If you’re looking for information on a newer Acura ILX, we’ve published an updated review: 2019 Acura ILX Review
The 2018 Acura ILX rolls on with little change, which for Acura lovers is fine but in the big scheme of things makes the ILX’s job all the more difficult. It’s not that the ILX’s Honda roots don’t serve it well — it’s just that in a field filled with newer, more powerful and more technologically advanced luxury performance sedans, the ILX is simply outgunned. However, for those who favor bulletproof reliability over performance and pedigree, the ILX may still have a garage to call home.
If you pay close attention, you can feel the previous-generation Honda Civic’s presence in the ILX’s soul. Power is derived from a 2.4-liter engine offering up 201 horsepower but only 180 lb-ft of torque. Sadly, there’s no 6-speed manual, but in its place is an excellent 8-speed dual-clutch automatic transmission. Considering the ILX’s enticing starting price of around $29,000, it may not have the commanding power and presence of some premium sedans, but it’s a good fit for anyone looking to get Acura luxury at a Honda Accord price.
What’s New for 2018?
A new Special Edition package debuts, sporting new 18-inch wheels, A-Spec aero body moldings and a rear spoiler. See the 2018 Acura ILX models for sale near you
What We Like
Full feature set; engaging 2.4-liter engine; pleasantly premium interior; strong reliability ratings
What We Don’t
No manual-transmission option; modest trunk space; lacks any sense of individualism
The ILX is powered by a 2.4-liter engine good for 201 hp and 180 lb-ft of torque. The only transmission is an 8-speed dual-clutch automatic with a manual-shift mode. Fuel economy is a respectable 25 miles per gallon in the city, 35 mpg on the highway and 29 mpg in combined driving.
Standard Features & Options
The 2018 Acura ILX comes in one model with seven possible options packages.
Standard on the ILX ($29,050) are 17-in alloy wheels, a sunroof, keyless entry with push-button start, automatic climate control, automatic LED headlights, a tilt-telescopic steering wheel, an 8-way power driver’s seat, leatherette seating surfaces, heated front seats, heated side mirrors, Bluetooth with streaming audio capability, a 5-in color display that controls many accessory functions (including a read-aloud SMS text feature), a rearview camera, a 6-speaker 160-watt sound system with iPod/USB connectivity, Pandora Internet Radio and active sound cancellation.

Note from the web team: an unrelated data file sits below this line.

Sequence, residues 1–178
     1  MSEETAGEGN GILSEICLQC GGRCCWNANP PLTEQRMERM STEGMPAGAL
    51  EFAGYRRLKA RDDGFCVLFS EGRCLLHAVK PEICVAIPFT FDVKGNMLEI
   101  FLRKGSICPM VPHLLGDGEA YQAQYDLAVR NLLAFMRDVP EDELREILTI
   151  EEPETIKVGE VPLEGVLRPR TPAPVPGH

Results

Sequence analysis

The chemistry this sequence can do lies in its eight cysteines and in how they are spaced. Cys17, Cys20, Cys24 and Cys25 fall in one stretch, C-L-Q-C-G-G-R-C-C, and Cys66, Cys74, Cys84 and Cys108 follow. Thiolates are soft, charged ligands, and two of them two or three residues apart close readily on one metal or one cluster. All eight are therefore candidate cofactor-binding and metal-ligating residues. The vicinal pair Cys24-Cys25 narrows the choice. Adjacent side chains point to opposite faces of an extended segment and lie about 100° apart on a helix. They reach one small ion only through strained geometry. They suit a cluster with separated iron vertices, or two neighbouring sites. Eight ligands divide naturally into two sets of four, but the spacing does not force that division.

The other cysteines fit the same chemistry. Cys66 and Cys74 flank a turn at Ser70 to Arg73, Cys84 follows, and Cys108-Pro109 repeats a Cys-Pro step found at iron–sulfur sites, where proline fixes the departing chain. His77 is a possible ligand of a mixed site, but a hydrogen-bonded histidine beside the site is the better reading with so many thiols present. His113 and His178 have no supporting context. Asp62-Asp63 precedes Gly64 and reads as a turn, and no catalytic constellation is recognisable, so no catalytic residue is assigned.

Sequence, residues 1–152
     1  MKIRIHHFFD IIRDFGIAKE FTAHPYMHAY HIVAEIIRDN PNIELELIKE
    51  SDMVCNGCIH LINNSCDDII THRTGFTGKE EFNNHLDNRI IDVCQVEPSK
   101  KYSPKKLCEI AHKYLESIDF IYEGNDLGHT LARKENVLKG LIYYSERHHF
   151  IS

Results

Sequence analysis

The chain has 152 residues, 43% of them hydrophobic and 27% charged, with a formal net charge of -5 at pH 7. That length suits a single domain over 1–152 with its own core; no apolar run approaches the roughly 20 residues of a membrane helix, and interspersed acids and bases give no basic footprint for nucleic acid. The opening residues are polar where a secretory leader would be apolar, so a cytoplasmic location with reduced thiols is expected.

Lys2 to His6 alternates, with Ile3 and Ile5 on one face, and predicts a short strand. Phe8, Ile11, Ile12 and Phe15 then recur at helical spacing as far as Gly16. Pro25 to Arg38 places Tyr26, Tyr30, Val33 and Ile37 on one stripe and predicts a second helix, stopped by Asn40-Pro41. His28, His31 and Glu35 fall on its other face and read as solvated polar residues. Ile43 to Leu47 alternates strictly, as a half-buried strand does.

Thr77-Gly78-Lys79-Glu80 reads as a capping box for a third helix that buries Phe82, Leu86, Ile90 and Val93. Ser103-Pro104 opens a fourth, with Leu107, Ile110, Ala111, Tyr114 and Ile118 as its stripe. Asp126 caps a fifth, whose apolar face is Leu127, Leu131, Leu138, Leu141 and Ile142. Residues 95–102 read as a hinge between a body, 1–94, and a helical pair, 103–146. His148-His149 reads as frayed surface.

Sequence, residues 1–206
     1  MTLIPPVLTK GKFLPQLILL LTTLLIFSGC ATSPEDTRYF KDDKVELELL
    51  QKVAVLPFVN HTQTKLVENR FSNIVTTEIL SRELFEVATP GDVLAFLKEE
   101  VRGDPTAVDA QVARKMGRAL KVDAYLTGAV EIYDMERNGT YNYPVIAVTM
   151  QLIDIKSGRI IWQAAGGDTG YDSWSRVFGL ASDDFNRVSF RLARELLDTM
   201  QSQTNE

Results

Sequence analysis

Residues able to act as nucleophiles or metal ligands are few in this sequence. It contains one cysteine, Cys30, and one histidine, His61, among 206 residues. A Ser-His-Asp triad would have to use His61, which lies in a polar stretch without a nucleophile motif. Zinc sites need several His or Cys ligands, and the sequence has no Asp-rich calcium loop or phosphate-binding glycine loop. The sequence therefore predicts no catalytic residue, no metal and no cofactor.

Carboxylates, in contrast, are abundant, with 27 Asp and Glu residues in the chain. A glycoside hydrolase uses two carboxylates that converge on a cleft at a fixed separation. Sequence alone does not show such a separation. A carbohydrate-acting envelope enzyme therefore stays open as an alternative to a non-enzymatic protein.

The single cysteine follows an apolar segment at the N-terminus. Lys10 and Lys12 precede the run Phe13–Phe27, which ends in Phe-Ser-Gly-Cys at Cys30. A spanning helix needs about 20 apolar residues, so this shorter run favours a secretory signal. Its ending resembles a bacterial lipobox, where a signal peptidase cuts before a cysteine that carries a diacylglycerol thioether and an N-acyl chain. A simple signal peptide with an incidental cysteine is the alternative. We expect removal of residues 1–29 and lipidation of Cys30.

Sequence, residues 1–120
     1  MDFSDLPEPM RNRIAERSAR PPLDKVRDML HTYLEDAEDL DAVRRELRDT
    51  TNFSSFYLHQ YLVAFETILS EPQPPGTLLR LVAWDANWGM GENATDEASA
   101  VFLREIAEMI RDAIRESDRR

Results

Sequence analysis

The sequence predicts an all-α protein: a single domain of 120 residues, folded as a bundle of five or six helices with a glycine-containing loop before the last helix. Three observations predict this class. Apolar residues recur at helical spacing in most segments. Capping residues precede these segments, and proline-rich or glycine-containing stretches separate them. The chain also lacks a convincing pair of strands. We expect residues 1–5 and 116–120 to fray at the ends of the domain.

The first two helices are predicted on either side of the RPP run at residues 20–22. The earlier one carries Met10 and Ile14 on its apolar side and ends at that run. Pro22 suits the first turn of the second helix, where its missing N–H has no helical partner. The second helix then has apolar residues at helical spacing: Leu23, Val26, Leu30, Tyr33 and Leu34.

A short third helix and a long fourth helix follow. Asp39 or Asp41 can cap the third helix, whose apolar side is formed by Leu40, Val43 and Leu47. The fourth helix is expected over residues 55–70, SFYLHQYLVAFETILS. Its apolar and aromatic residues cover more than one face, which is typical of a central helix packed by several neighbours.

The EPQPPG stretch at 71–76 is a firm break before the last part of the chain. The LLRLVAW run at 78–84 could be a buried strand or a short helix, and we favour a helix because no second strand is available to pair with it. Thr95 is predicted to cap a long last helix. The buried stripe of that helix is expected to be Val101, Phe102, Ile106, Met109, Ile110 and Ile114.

The Special Edition package brings 18-in wheels, A-SPEC side moldings and a spoiler.
The AcuraWatch package on the base car includes adaptive cruise control, lane-keep assist, lane-departure warning, collision-mitigation braking and forward-collision warning.
The Premium package adds a 7-speaker 360-watt premium sound system, leather seating, rear cross-traffic alert, a blind spot monitoring system, a 7-in multiuse touchscreen, HD and Aha Radio, Siri Eyes Free, a power passenger seat and a 2-position driver’s-seat memory feature.
The Technology Plus package includes the Premium and AcuraWatch packages plus an 8-in display and a hard-drive-based navigation system that offers 15 gigabytes of music storage and a 10-speaker ELS audio system.
The A-SPEC package can be added to either the Technology Plus or Premium package and brings 18-in alloy wheels, sport seats with Lux Suede inserts, a black headliner, fog lights, a rear spoiler and aluminum sport pedals.
In back, the ILX has plenty of room for a couple of adults, which shouldn’t come as a surprise. The Civic has been similarly roomy for quite a few years, so although this is a compact sedan, your rear passengers won’t necessarily feel the pinch.
You will, however, notice space limitations in the trunk, where maximum cargo capacity is a modest 12.3 cu ft.
The ILX comes with 4-wheel antilock disc brakes, electronic traction and stability control and a full roster of airbags. The independent Insurance Institute for Highway Safety gave the ILX Good ratings across the board in crash tests, while the National Highway Traffic Safety Administration gave it a top 5-star overall crash-test rating, including four stars for front impacts and five for side impacts.
Behind the Wheel
The ILX is softer than the old Civic it’s based on, and that’s a good thing. It has a ride quality we’re comfortable calling premium, even if you still feel more impact than you might be used to in an Acura. Thankfully, road noise is also reduced. With the 2.4-liter under the hood, the story gets more exciting. Smooth and engaging, this is the little motor that could — and with good reason. It’s plucked from the previous 2015 Honda Civic Si sport sedan, even though the handy limited-slip differential (for better cornering traction) didn’t make the transition. Overall, we’d say razor-sharp handling isn’t a real highlight of the 2018 ILX, but its handling is certainly secure.
Other Cars to Consider
2018 Volkswagen Jetta GLI — The GLI has more power, a more engaging ride and better sport seats. Its interior is equally refined, and it has a lower base price.
2018 Audi A3 — The A3 costs more but offers more power, more luxury features and more personality.
2018 Cadillac ATS — The ATS also costs more than the ILX at the base level, but it offers more engine and luxury options, available all-wheel drive and a manual transmission. It’s also a much more engaging driver’s car.
Used Audi A4 — A 2013-2016 Audi A4 provides more power, a larger cabin and trunk, the option of all-wheel drive and better-quality materials inside the cabin.
We think the ILX with the Technology package brings all the high-tech luxury, audio and safety features expected of this class at a price that undercuts similar cars from Audi and BMW. Those seeking a sportier ride should add the A-SPEC package to the mix.